The Nightingales had been farming in Aurora County since they homesteaded in 1883 and Ruth’s family had been farming about as many generations. Craig accepted the responsibility to carry on his family’s farming tradition. From the start, he eagerly sought advice. He attended every Extension workshop he could and began to make decisions based on what he learned.
He sold the farm’s dairy herd through the Whole Herd Dairy Buyout Program and invested in a farrowing barn. He let co-op agronomists test out no-till farming on his land because they covered the expenses on those acres. Craig saw the benefits and continues the management practice on all his acres today.
“Surviving was all about being as frugal as possible and living as cheaply as possible and working hard. I worked from daylight to dark,” Craig explained.
He said because his older sisters and their children chipped in, he didn’t have to hire help in the early years.
Craig also credits Sandy with her role in keeping the farm afloat. “I didn’t have take-home pay so to speak, so Sandy’s teaching salary paid the bills. I’ve got to hand it to Sandy. She worked full time and raised our kids.”
Although her parents were dairy farmers when she was young, Sandy says when Craig’s career changed, she was a bit apprehensive. “I didn’t really know much about the farm until we got married. It was hard for me at first because Craig would be out in the field baling late at night. I remember waking up a few times and driving down the road to see if the tractor was still moving – to make sure he was OK.”
Reflecting on where they raised their children, she said she would not do it any different.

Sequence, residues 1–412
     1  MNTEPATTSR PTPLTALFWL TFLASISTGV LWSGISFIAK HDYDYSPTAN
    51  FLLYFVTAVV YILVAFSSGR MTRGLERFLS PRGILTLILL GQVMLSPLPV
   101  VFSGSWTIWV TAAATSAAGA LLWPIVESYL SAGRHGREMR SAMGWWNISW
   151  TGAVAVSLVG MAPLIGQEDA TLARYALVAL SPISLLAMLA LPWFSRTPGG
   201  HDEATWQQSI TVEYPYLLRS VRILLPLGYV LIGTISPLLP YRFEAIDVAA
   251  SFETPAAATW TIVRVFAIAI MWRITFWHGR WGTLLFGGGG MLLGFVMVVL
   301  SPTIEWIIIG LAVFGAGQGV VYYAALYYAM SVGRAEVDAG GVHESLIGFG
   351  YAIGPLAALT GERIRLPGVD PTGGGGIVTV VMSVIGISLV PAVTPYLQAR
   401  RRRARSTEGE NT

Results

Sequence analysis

“The mom and teacher in me learned to appreciate farm life over the years because there was always something for the kids to do and something to learn,” she said.
In addition to Levi, Craig and Sandy’s grown children are: Ethan (Kalli), Jennalee (Beau) Olsen, Zane (Kayla), Maria (Matthew) Sandmeier and Kathryn. The couple have eight grandchildren.
She added that the farm also provided their children with the opportunity to be involved in 4-H and Farmers Union youth programing. All of their children are Torchbearers; Maria, Kathryn and Levi all served in leadership positions as members of the Junior Advisory Council, Senior Advisory Council or National Youth Advisory Council.
Working on the farm also taught the Nightingale kids responsibility and instilled in them a strong work ethic, added middle son, Zane.
“It’s a lot of hard work, but there’s always something going on, and it teaches you a lot of life lessons,” Zane said.
Before returning to farm with Craig, Zane spent a decade working full time for the Air National Guard.
“I had a good job and a nice house, but I didn’t have the satisfaction at the end of each day like I do now,” Zane said. “When we started having kids, I wanted to come back to the farm because my wife and I want to raise our kids the way we were raised. Kayla grew up on a farm too.”
Zane works full time for his parents and he and Kayla also have a small cattle herd that they run with Craig’s cow/calf herd. They recently began leasing a small parcel of land.
When Zane talks about returning home to continue his family’s farming legacy, he refers to farming as an opportunity, not a job. “I owe it to the generations before me who kept this farm together. Right now, I’m in the combine sitting on a hilltop and I can point out quarters left and right of family farms that don’t exist anymore because the farm was given up during the ’80s,” Zane said.